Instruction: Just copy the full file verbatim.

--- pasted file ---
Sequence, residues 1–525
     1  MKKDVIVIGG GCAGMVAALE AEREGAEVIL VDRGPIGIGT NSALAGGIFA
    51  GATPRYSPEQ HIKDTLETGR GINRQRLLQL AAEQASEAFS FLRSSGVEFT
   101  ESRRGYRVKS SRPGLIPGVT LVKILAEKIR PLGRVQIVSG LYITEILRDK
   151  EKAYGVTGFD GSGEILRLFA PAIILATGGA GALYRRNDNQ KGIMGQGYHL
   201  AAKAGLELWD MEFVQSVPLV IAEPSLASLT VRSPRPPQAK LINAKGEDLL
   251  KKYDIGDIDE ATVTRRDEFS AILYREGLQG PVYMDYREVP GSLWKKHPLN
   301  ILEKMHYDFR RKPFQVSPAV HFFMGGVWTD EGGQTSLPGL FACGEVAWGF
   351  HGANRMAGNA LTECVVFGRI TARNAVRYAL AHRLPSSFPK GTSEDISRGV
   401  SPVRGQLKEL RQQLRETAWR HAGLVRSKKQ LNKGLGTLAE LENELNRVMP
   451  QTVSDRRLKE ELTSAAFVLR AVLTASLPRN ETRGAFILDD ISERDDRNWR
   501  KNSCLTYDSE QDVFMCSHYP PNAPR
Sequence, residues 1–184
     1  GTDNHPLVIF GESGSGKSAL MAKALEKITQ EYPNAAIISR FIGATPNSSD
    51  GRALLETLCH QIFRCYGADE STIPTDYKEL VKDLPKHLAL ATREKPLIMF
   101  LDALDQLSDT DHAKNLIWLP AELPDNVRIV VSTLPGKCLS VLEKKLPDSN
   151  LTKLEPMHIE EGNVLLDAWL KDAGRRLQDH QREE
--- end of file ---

Sequence, residues 1–525
     1  MKKDVIVIGG GCAGMVAALE AEREGAEVIL VDRGPIGIGT NSALAGGIFA
    51  GATPRYSPEQ HIKDTLETGR GINRQRLLQL AAEQASEAFS FLRSSGVEFT
   101  ESRRGYRVKS SRPGLIPGVT LVKILAEKIR PLGRVQIVSG LYITEILRDK
   151  EKAYGVTGFD GSGEILRLFA PAIILATGGA GALYRRNDNQ KGIMGQGYHL
   201  AAKAGLELWD MEFVQSVPLV IAEPSLASLT VRSPRPPQAK LINAKGEDLL
   251  KKYDIGDIDE ATVTRRDEFS AILYREGLQG PVYMDYREVP GSLWKKHPLN
   301  ILEKMHYDFR RKPFQVSPAV HFFMGGVWTD EGGQTSLPGL FACGEVAWGF
   351  HGANRMAGNA LTECVVFGRI TARNAVRYAL AHRLPSSFPK GTSEDISRGV
   401  SPVRGQLKEL RQQLRETAWR HAGLVRSKKQ LNKGLGTLAE LENELNRVMP
   451  QTVSDRRLKE ELTSAAFVLR AVLTASLPRN ETRGAFILDD ISERDDRNWR
   501  KNSCLTYDSE QDVFMCSHYP PNAPR
Sequence, residues 1–184
     1  GTDNHPLVIF GESGSGKSAL MAKALEKITQ EYPNAAIISR FIGATPNSSD
    51  GRALLETLCH QIFRCYGADE STIPTDYKEL VKDLPKHLAL ATREKPLIMF
   101  LDALDQLSDT DHAKNLIWLP AELPDNVRIV VSTLPGKCLS VLEKKLPDSN
   151  LTKLEPMHIE EGNVLLDAWL KDAGRRLQDH QREE